Credits: Scott Lobdell (writer), Joe Madureira (penciler), Tim Townsend (inker), Steve Buccellato & Team Bucce! (colors), Richard Starkings & Comicraft (lettering)
Summary: Apocalypse rises from his regeneration chamber and learns that Xavier and Magneto have merged into Onslaught. He predicts that the “age of wonders” which gave birth to the current generation of superheroes is ending. The Watcher stands silently nearby. Elsewhere, the Avengers arrive with X-Man at the X-Men’s decimated mansion. They’re attacked by a suspicious Gambit and Bishop, but the altercation is brief. X-Man senses a disturbance in the Astral Plane and creates a mental image of Onslaught. Magneto’s children, Quicksilver and Scarlet Witch, are upset when they learn that their father had a role in Onslaught’s creation. X-Force arrives at the mansion as the X-Men and Avengers formulate a plan. The united teams split up to warn the Fantastic Four that Xavier had viewed Franklin Richards’ file recently, and to find Magneto. X-Force is left at the mansion to guard the powerful telepath X-Man, and Storm volunteers to find the missing Cable. Cyclops and Phoenix make plans to meet Archangel and Psylocke on Muir Island, while Wolverine goes off on his own. In the sewers beneath Manhattan, the Dark Beast promises to create new attendants for Onslaught.
Continuity Notes: Nate Grey refers to himself as “X-Man”, the name I’m pretty sure he never used in his own series. His appearance in this title just emphasizes how absurd his name is, since he’s supposed to be highly suspicious of the X-Men. When he sees Phoenix, he mistakes her for Madelyne Pryor, which makes the incest aspect of their relationship even more explicit.
The ending of the “age of wonders” is foreshadowing for the ending of this storyline, which has the world believing that the Avengers and Fantastic Four sacrificed their lives to stop Onslaught. The Watcher is standing around because that’s what he does when writers need something to make an event seem important.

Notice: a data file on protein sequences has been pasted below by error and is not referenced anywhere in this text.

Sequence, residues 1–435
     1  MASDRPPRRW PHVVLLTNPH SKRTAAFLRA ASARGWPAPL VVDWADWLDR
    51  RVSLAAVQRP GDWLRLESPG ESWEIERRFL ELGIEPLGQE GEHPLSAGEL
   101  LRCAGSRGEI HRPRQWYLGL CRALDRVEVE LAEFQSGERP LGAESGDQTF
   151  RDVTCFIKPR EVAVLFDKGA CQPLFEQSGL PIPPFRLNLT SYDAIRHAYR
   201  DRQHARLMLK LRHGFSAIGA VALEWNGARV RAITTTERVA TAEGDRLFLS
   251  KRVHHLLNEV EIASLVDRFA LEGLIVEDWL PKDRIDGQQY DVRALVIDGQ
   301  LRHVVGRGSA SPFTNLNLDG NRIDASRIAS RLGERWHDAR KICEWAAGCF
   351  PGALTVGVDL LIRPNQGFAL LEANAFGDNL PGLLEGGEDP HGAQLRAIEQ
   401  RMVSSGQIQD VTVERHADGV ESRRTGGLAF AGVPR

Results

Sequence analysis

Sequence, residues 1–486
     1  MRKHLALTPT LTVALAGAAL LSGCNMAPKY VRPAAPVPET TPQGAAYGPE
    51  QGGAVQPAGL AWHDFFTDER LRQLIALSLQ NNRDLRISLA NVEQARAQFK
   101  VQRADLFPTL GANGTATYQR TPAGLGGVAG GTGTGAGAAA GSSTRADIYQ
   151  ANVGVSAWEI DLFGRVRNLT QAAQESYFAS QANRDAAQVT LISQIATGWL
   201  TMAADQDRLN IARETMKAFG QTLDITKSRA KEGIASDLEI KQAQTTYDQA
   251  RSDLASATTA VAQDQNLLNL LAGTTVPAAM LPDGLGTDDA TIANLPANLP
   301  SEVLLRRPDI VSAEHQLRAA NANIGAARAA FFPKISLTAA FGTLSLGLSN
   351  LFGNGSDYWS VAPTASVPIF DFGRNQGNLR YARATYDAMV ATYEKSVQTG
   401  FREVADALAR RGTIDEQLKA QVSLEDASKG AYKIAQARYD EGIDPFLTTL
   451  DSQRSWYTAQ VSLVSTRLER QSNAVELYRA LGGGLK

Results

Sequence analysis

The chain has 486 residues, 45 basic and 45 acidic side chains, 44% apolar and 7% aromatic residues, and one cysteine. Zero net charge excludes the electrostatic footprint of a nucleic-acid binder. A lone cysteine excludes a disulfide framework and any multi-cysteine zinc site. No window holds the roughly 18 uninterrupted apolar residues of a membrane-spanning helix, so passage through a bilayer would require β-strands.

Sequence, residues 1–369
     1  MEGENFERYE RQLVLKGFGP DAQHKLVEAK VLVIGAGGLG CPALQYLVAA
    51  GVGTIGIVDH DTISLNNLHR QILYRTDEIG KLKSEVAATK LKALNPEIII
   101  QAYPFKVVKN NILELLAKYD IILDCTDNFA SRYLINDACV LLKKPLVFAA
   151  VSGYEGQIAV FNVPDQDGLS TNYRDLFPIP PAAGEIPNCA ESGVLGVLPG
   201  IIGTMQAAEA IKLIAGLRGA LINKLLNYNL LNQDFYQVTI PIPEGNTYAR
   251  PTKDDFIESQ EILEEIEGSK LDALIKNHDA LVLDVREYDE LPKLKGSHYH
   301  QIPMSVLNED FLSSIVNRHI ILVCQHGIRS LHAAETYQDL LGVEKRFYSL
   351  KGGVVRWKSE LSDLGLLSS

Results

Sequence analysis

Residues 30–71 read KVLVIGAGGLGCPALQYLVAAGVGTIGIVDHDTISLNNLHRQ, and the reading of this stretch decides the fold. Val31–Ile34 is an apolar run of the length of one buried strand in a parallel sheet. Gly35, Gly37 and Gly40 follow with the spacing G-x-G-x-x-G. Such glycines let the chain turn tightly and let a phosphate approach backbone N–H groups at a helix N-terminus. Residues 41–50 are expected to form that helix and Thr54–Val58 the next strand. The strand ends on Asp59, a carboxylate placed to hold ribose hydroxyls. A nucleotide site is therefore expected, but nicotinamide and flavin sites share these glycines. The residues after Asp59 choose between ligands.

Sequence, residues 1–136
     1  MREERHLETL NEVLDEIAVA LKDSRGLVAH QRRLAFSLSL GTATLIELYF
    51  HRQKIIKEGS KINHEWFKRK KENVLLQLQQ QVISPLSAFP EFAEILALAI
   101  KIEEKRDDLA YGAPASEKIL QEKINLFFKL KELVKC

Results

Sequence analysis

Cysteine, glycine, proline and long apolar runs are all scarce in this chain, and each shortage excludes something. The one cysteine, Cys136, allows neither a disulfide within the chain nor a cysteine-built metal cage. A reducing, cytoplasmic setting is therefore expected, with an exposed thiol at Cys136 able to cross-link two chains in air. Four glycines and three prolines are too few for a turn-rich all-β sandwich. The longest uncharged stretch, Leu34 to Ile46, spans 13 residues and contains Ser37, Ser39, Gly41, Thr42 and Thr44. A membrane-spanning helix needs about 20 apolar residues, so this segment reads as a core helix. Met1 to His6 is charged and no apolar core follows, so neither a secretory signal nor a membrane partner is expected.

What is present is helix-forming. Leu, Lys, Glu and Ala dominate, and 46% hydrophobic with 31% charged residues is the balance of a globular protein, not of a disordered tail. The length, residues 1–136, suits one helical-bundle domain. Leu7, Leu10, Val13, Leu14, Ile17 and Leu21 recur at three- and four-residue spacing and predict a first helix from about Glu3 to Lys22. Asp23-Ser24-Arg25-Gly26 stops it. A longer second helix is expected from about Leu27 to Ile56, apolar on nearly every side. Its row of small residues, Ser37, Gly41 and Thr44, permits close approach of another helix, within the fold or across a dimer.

Onslaught is referred to as “pure psionic energy” which is the feeble justification for having him do whatever he wants, even things that are beyond Xavier’s power range.
Psylocke wonders if her exposure to the Crimson Dawn has made her heartless. Archangel doesn't exactly comfort her, saying that both of them have changed.
Apocalypse apparently has a telepathic link to Ozymandias, since he tells him that he’s scanned his mind and learned what he needs to know. The logistics of this don’t really make sense, unless Apocalypse has mental powers I’ve totally forgotten about.
The Dark Beast explicitly says that he did not create the Morlocks, in a line so obviously shoehorned in I can’t help but to wonder if it was added to appease some angry fans. It reminds me of Marvel’s recent backtracking on the various “It’s Magic!” explanations for the new Amazing Spider-Man continuity.
Commercial Break: The extra pages in this issue serve as ads for the upcoming “Heroes Reborn” event. Jim Lee quotes the now-standard lines about respecting the original material but updating it for modern audiences that always come with reboots. Rob Liefeld’s section brings us the infamous “Giant Boob Cap” and “Shrunken Head Red Skull” images.
Review: I guess the revival of Apocalypse was considered a big enough deal to take over the title of this issue, even though he’s only in the first few pages and has nothing to do with the actual story. A more accurate title might’ve been “Recap the Storyline and Assign Roles for the Tie-In Comics!” since that’s all that really happens here. I remember thinking that this issue was pretty dull at the time, but I was glad to see the X-Men finally interacting with the rest of the Marvel Universe again. Creating a more coherent, integrated Marvel Universe was a goal of Bob Harras, who was the new editor-in-chief of the entire line by this point, so that is one objective “Onslaught” successfully accomplished. (Although it’s ironic that Bob Harras was the one to bring this about, since other Marvel employees have accused him of hogging the X-characters when he was exclusively in charge of the X-line).
This is a snapshot of mid-90s Marvel, where the original Fantastic Four had to be reunited by editorial fiat, Iron Man was a “relatable” teenager, and the Avengers weren’t even trying to hide the fact that they really wanted to look like the X-Men. There’s not a lot of room for any of the characters to display much of a personality, but Lobdell does a capable enough job of preventing them from seeming too generic. The plot itself reminds me of the solicitations for almost anything Marvel and DC release these days…the heroes receive their orders and divide up to their own titles where they will deal with one aspect of the current crisis. It’s not particularly interesting, but it is fun to see Madureria’s take on the various Marvel characters.